The Case for Jason Kidd as Milwaukee's Long-Term Coach
The Bucks have been inconsistent in Kidd's fourth year as head coach, but despite some polarizing decisions and the implementation of a controversial defensive scheme, he deserves a longer rope.
Photo by Mark J. Rebilas-USA TODAY Sports
As the third quarter nears its end during the Milwaukee Bucks' New Year's Day game against the Toronto Raptors, Matthew Dellavedova slowly dribbles up the left side of the floor and waits for Giannis Antetokounmpo to position himself at the free-throw line, directly opposite Malcolm Brogdon who stands at the top of the key. Thon Maker spots up in the weakside corner while Khris MIddleton stands a few feet higher up on the wing.
There are myriad ways to attack out of this formation: Brogdon can UCLA cut down the middle of the floor, either to catch a lob or force help defenders to pinch in off Middleton and/or Maker so Delly can skip them the ball; Giannis can fake like he’s going to set a screen for Brogdon, then dive through the paint himself; Brogdon can run over and set a pick for Delly, sending him into a stagger screen-and-roll with Antetokounmpo inside the three-point line; and so on.
The variances are pretty simple by themselves, and there are ways to counter how the defense reacts. But, fundamentally, the results hinge on execution. Welp:
Giannis’s sudden spin towards the rim is supposed to catch Pascal Siakam by surprise, but he appears to know what's coming—partly because Antetokounmpo does nothing to sell it—which lets Jakob Poeltl and DeMar DeRozan stay well-positioned to stifle Middleton once Dellavedova whips him the ball. Ideally, Antetokounmpo would drag those guys into the paint and let Middleton fire away, but DeRozan runs him off the line and then Poeltl stonewalls his drive before recovering out to Maker in the strongside corner.
It’s terrific recognition from the NBA’s sixth-best defense, and Milwaukee’s inability/unwillingness to attack in different ways early in the fourth might be—in addition to a questionable substitution pattern and odd double-teams down the stretch—what cost them a winnable game.
The Bucks ran this action repeatedly against Toronto. For a variety of reasons, it failed just about every time. Milwaukee either screwed up the timing, wasn't convincing enough with its movement, or, most devastatingly, didn’t have a Plan B ready to go whenever the Raptors sniffed out Plan A.
If you’re more bullish on the 2019-20 Bucks than today's team, chances are it’s due to avoidable losses like this one; nights where they’re held back schematically despite having the talent, drive, and versatility to beat an elite team on the road. Nights when Tony Snell sits for the final 24 minutes as DeRozan turns into a brick of TNT. Or Jason Terry curiously starts the fourth quarter despite not having played a second in the first three.
In other words, if you’re more bullish on Milwaukee’s future than present it’s because Jason Kidd is currently their coach, and someone not named Jason Kidd may be their coach a couple seasons from now. Kidd is responsible for a publicly humiliating intentional free throw fiasco, tinkers with his rotation seemingly at random, and implemented a high-risk, high-reward defensive strategy that can be picked apart by an unselfish offense. He, like most coaches sooner or later, has become a battered scapegoat.
His roster now boasts a transcendent MVP candidate (who just celebrated his 23rd birthday), a dazzling pinball running point, a perpetually overlooked wing who annually appears on “Best Players Who Will Never Actually Make the All-Star Team” lists even though his numbers more than validate legitimate consideration, and ostensibly enough length, youth, and athleticism to overcome their lack of shooting and win far more games than they lose.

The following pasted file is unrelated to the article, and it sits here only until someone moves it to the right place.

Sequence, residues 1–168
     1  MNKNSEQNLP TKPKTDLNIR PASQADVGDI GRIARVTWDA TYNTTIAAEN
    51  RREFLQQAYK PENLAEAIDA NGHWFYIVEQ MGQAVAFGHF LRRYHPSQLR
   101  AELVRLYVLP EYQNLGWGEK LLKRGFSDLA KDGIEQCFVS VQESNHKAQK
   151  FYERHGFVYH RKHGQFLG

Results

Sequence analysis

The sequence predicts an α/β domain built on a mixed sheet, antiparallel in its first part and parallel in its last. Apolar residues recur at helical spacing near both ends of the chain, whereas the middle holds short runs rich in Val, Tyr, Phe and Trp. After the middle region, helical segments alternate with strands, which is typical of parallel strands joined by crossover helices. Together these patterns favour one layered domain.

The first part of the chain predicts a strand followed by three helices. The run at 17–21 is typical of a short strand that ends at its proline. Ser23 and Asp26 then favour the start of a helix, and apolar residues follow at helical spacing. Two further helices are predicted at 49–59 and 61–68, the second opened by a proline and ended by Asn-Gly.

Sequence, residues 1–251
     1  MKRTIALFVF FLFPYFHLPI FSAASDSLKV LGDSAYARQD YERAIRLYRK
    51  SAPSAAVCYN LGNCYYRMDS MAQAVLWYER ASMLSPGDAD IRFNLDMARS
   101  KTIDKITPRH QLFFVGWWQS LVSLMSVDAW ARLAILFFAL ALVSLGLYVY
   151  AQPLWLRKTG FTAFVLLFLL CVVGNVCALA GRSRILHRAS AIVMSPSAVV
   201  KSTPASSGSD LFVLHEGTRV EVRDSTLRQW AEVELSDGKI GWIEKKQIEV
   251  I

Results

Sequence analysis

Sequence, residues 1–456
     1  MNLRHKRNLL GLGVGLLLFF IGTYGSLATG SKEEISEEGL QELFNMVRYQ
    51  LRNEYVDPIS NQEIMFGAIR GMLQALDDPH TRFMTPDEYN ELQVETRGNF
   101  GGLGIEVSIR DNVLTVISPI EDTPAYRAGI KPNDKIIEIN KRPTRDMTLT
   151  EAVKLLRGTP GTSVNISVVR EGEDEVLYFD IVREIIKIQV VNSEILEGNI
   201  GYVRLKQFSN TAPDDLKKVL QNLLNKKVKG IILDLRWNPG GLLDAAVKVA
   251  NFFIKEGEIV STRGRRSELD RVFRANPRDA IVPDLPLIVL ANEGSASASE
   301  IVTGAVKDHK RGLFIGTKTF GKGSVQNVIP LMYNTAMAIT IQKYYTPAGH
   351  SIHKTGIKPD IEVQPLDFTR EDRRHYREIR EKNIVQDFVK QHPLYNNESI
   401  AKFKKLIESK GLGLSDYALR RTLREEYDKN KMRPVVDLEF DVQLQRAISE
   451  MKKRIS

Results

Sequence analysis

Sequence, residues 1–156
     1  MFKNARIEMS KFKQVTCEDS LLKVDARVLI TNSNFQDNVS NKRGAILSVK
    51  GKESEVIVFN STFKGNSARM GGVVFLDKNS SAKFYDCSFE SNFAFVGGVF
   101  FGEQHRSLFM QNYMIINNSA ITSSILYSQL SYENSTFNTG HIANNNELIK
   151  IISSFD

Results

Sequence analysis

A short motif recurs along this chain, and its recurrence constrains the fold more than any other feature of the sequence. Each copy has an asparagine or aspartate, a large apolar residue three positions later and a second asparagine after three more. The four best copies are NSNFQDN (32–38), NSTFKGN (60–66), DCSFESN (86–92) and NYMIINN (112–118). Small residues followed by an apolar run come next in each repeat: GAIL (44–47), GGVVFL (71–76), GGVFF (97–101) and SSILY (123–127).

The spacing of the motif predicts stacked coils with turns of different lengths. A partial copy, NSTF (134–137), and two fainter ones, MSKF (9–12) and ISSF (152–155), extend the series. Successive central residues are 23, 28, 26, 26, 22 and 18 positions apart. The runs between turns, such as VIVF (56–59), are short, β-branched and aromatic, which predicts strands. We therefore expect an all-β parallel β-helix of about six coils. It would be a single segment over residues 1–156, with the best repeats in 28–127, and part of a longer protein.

But despite all the microlevel flak Kidd gets for his in-game decision-making, the Bucks actually profile as a well-coached team when you zoom out to 20,000 feet, with a style that accentuates their strengths and hides their weaknesses as best it can. That's impressive, considering five years ago Kidd was an integral role player on the New York Knicks, and, at 44 years old, is still learning on the job with a team that's yet to actualize the entirety of its potential for reasons outside any one individual's control.
The Bucks have an identity, backed by core beliefs that, more or less, suit their personnel. While acknowledging that most conversations about Kidd should begin with his flaws, the overwhelming disapproval of his performance this season has been too harsh.
Milwaukee is 19-16 with a negative point differential. They’ve beaten the Cleveland Cavaliers, San Antonio Spurs, and Boston Celtics, lost to the Chicago Bulls (twice), Dallas Mavericks, and Charlotte Hornets. The Bucks own literally the worst net rating in the fourth quarter this season, but, somehow, only five teams have a better winning percentage in clutch situations, with the Celtics and Cavaliers being the only two clubs with more wins.
For all the criticism directed towards Kidd, Milwaukee also has a top-10 offense without Jabari Parker—the dynamic offensive weapon they drafted second overall in 2014—logging a single second. They don’t play in the mud; Kidd understands how valuable it is to unleash Antetokounmpo in the open floor. According to Cleaning the Glass, only six teams spend a lower percentage of their possessions in the half court.
Even though they also place in the bottom third of the league in pace—about which Kidd fairly believes “we’re making a big deal about a stat that does not win championships”—only the Golden State Warriors and Los Angeles Lakers start a higher percentage of their possessions in transition. No team attacks faster off an opponent’s turnover, per Inpredictable.
They don’t launch threes but that’s partly because their best player can slink through the paint for layups on command (and also isn't good enough to launch threes). Only two players (Snell and Brogdon—who’s quietly on track for a 50-40-90 campaign!) on the roster are above-average shooters from the outside at their respective positions right now.
Milwaukee's defense rests almost entirely on Antetokounmpo. With the franchise player on the floor, the Bucks rank in the top 10—his relentless aggression and length more than make up for mucky lateral movement. But the defense is so bad when he sits that the Bucks rank 25h overall. Eric Bledsoe has helped matters some. His speed on the backside makes Kidd's system shimmer, and the Bucks have been average defensively since acquiring him.